Punjab Chief Minister Amarinder Singh Wednesday protested against Pakistan's reported proposal to allow only Sikh pilgrims inside the historic Kartarpur Sahib Gurdwara, saying Guru Nanak Dev was a universal guru revered by followers of all religions, especially Hindus.
In a statement issued here, he urged the Centre to take up the issue with the neighbouring nation when the latter sends its draft agreement for regulating entry into its territory through the Kartarpur corridor.
Noting that Islamabad was well within its rights to set terms and conditions relating to its territorial safety and security, Amarinder Singh said it should take into consideration the fact that the first Sikh guru's ideology is not confined to Sikhs but is emulated by people of all faiths.
"The Sikh ethos prescribes non-discrimination, with even the concept of 'langar' (community kitchen) being casteless service for all," the chief minister said.
A large number of Hindus in India were ardent followers of Guru Nanak Dev, founder of Sikhism, and it was their cherished dream to visit the Kartarpur Sahib Gurdwara, he said.
"There was for years the tradition of Hindu families converting their eldest sons to Sikhism. The influence of Sikhism in India was so strong that to exclude members of other religions was not something that the Pakistan government should even remotely consider," Amarinder Singh said in the statement issued here.
Citing media reports of the draft agreement being prepared by the Pakistan government on entry through the Kartarpur corridor, he also objected to the condition of number of pilgrims proposed by it.
"It was not correct to limit the number of people to 15 a group. Individual 'yatris' (devotees) should be permitted," he said.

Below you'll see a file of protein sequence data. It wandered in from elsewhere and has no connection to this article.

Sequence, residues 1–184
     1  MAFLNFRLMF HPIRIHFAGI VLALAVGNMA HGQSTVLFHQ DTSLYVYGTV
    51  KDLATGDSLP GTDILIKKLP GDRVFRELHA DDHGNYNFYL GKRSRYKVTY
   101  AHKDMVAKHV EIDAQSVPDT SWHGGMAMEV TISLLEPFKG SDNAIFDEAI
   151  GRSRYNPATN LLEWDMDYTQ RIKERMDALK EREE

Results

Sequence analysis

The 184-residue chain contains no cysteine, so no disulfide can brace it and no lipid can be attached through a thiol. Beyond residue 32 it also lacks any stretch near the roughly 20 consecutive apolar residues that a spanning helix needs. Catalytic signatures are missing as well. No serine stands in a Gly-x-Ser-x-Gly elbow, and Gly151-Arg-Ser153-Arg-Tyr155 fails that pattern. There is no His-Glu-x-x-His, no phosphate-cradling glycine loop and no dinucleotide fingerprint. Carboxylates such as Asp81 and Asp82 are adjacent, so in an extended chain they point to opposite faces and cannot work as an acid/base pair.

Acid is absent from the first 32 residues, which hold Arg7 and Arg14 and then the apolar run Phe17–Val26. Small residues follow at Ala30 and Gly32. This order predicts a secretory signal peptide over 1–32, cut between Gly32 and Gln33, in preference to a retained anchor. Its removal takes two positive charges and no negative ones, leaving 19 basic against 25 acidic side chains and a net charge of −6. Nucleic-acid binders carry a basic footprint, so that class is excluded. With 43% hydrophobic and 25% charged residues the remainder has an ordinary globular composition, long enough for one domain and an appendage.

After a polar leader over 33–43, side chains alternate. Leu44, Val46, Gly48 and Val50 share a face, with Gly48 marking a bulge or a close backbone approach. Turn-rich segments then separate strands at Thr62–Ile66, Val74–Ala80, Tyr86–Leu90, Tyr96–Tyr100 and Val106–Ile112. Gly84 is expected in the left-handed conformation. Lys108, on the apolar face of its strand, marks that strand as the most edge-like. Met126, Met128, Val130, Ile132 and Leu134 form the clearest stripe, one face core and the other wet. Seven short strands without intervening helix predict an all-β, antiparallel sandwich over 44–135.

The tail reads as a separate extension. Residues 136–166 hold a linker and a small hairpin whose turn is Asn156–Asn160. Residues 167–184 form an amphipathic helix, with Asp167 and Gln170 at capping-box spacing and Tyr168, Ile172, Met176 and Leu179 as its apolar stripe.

Advocating 'khulle darshan' (free access) for devotees, he said the restriction of 500 Sikh pilgrims per day should also not be there, especially in November 2019, when the 550th birth anniversary of Guru Nanak Dev will be celebrated.
The chief minister also expressed concern at the reported clause making passport imperative for the pilgrims.
"With Punjab's large rural population having no passports, such a move would deprive them of making to the historic pilgrimage," he said.
He urged the governments of India and Pakistan to sit across the table and thrash out all issues to facilitate smooth and hassle-free travel by pilgrims through the corridor before coming to a formal agreement in this regard.
"Such regressive steps as were reportedly being considered by the Pakistan government to control entry through the corridor would negate the positive initiative taken by their government and it was up to the Centre to resolve all such issues amicably so that the pilgrims get the maximum benefit from the historic decision of the two nations," said Amarinder Singh.
The much-awaited corridor will connect Darbar Sahib in Pakistan's Kartarpur -- the final resting place of Sikh faith's founder Guru Nanak Dev-- with Dera Baba Nanak shrine in India's Gurdaspur district.
It will enable Sikh devotees to offer prayers at the historic shrine where Guru Nanak had spent his last 18 years.
(This story has not been edited by Business Standard staff and is auto-generated from a syndicated feed.)